HRV girls’ slide extended to five

Playoff chances slim as 3-2 league start evaporates

The Hood River Valley girls basketball team needed at least one win last weekend in Central Oregon to stay alive for an Intermountain Conference playoff spot.

But losses of 53-33 to Bend and 86-44 to Redmond, coupled with a midseason surge by Mountain View, have combined to put HRV (3-7 IMC) in a deep hole.

“The Bend loss was disappointing, especially since we had beaten them before,” coach Tracy Norton said. “They were a much improved team the second time around, and were well prepared on offense.”

Norton said the Lava Bears (3-7 IMC) were highly effective in moving the ball around the perimeter and inside to their post players, while the Eagles were a “step slow” on their defensive rotation.

But Norton said the biggest key to Friday’s loss was her team’s 17 percent field-goal shooting.

“We had some decent looks at the basket, but we just couldn’t make anything,” she said.

Becki Flory led HRV with 10 points, and was followed by Suni Davis with six, and Kristen Hedges and Brittany Reed with five apiece.

Saturday’s game against first-place Redmond was a better effort, despite the disparity in the final score. Norton said the Eagles played strong team defense and effectively slowed the Panthers’ fast break.

“Had we played the same way against Bend, we would have beaten them,” she said.

Davis led the Eagles in scoring with 11 points, while Anna Hidle chipped in 10, Talia Hinman six, Flory five, and Hedges and Alyssa Ortega four each.

It was the Eagles’ fifth loss in a row, which has all but erased a stellar 3-2 conference start. HRV hosts Crook County and Summit this weekend.

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Parkdale third graders sing "12 Disaster Days of Christmas"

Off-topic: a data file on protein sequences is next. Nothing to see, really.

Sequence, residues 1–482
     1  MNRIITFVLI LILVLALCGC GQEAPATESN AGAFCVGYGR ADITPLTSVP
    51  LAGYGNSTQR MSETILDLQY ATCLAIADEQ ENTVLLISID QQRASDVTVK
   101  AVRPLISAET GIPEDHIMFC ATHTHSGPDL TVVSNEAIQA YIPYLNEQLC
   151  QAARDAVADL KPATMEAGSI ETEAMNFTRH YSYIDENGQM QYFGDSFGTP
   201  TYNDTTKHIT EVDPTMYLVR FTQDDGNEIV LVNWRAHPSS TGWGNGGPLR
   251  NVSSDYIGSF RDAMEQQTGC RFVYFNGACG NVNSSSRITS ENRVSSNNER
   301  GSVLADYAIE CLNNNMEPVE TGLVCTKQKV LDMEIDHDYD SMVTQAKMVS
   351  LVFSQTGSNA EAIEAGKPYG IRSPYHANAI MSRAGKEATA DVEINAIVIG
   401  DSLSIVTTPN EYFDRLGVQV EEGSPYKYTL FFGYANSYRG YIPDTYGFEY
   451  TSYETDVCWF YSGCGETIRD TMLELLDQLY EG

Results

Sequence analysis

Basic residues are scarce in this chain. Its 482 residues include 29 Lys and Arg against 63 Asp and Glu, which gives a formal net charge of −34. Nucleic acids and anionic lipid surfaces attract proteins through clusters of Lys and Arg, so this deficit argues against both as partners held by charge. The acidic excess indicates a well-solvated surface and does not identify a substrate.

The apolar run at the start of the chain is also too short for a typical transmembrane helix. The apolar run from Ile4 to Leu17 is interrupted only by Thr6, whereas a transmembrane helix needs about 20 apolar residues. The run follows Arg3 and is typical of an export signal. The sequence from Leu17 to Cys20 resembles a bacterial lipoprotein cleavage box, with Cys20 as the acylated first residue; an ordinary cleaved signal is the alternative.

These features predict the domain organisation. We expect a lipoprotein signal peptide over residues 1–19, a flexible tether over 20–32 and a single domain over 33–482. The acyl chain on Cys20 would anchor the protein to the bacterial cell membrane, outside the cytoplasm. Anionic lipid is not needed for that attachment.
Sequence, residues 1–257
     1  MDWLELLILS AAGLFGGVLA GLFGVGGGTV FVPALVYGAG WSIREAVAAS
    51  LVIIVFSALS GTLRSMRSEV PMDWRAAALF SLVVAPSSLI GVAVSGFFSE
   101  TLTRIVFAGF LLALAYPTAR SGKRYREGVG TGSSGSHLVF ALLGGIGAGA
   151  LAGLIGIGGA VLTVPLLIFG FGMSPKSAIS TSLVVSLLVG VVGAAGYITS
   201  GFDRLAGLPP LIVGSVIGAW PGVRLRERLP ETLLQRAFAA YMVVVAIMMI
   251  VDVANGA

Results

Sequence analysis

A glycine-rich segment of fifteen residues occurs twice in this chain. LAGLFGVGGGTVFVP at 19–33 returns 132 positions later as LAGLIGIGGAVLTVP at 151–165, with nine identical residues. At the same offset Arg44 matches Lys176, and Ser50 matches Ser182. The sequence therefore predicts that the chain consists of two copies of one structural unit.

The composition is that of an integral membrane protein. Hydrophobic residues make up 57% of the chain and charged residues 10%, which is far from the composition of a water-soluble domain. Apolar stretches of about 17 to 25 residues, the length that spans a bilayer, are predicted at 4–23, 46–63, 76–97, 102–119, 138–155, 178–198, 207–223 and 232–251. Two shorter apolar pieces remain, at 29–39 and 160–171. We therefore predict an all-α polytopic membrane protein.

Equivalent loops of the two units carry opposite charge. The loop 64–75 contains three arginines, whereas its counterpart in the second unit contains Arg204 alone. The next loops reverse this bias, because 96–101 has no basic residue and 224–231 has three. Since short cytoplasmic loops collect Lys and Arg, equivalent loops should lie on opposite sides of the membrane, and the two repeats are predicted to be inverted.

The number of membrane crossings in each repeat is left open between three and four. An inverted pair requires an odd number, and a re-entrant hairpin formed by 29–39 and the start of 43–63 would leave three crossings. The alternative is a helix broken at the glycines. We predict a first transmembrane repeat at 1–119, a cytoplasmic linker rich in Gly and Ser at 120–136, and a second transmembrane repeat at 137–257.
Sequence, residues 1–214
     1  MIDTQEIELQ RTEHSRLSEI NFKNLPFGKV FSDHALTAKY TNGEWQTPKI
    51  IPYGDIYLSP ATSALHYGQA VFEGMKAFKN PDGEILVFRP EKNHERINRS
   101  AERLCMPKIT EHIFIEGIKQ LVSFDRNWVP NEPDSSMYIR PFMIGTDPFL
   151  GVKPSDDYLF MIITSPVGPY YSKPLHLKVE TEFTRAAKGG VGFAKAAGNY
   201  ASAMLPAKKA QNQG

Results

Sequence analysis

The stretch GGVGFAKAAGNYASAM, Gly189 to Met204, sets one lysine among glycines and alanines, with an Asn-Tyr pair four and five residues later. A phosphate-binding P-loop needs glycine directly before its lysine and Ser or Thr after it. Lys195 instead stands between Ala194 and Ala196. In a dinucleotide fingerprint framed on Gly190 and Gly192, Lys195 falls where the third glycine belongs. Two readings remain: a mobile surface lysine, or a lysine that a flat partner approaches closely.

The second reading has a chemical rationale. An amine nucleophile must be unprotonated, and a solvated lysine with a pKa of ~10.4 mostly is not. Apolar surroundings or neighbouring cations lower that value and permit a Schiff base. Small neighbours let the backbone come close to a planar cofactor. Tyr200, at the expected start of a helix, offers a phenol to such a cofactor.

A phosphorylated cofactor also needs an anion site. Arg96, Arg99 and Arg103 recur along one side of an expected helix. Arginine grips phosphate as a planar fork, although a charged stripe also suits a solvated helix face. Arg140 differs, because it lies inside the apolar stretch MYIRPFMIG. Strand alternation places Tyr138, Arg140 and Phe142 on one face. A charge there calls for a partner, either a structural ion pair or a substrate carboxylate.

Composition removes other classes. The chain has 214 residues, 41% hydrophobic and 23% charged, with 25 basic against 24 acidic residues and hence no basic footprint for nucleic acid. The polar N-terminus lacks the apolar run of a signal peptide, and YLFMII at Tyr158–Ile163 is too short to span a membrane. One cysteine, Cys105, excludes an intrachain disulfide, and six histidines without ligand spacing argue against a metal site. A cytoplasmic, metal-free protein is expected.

Welcome to your sing-able Christmas gift list. What follows is an emergency rendition of “12 Days of Christmas” – for outfitting your home or car in case of snow storm, earthquake, flood or other emergency. Read it as a simple list, or sing it to the tune of “12 Days” – you know, as in “ … and a partridge in a pear tree…” Not to make light of it, but the song is a familiar framework for a set of gift ideas that you could consider gathering together, even if the recipient already owns items such as a bunch of coats, tire chains and flashlights. Stores throughout the Gorge are stocked up on all these items. Buying all 12 days might be prohibitive, but here are three ideas for checking any of the dozen off your list (notations follow, 1-12.) The gift items needed to stay warm, dry and safe are also coded to suggest items in your abode (A) in your car (C) or both (B). 12 Gallons of Water (A) 11 Family meals (B) 10 Cans of propane (A) 9 Hygiene bags (B) 8 Packs of batteries (A) 7 Spare coats (B) 6 Bright red flares (C) 5 Cozy blankets (B) 4 Tire chains (C) 3 Flashlights (B) 2 cell phone chargers (B) 1 And a crush-proof first aid kit (B) Price ranges? Here’s a few quotes for days Three, Two, Four and Nine: n A family gift of flashlights (three will run $15-30, Hood River Supply, Tum-A-Lum) n Cell phone chargers (two will run $30-60) n Tire chains (basic set, $30, Les Schwab, returnable if unused for the winter) n Family meals ($100 or so should cover the basics for three or four reasonably well-fed days) n The home kit should be kept in a handy place near an exit, and remember that water needs to be replenished every few months. If you have a solid first aid kit already, switch out the gift idea with “and-a-sto-o-u-t- tub-for it-all …” Otherwise, it’s a case of assembling your home or car kits and making sure all members of the family know what the resources are and how to use them (ie flares and propane). Emergency situations are at worst life-threatening, at best deeply uncomfortable if you and your family are left without power for an extended period, or traveling and find yourself in a situation where you need to wait out a storm, lengthy traffic delay, or other crisis. Notes on the 12 gift ideas: 12 – Gallons of water: that’s one per person in a four-member family to last for three days, the recommended minimum to be prepared for utility outages. 11 – Easy-open packaged goods, energy bars, dried food and nuts are good things to include for nutrition. Think of what your family of four needs for three days to stay fortified and hydrated (see number 12). Can-opener also recommended 10 – If you have a propane camping stove, keep extra fuel handy. 9 – Hygiene bags: put packaged moistened towelettes, toilet paper, and plastic ties in large garbage bags (for personal sanitation) Resource list courtesy of Hood River County Emergency Management, Barbara Ayers, manager/ 541-386-1213. The county also reminds residents to Get a Kit, Make A Plan to connect your family if separated, and Stay Informed. See to opt-in for citizen alerts. Enlarge

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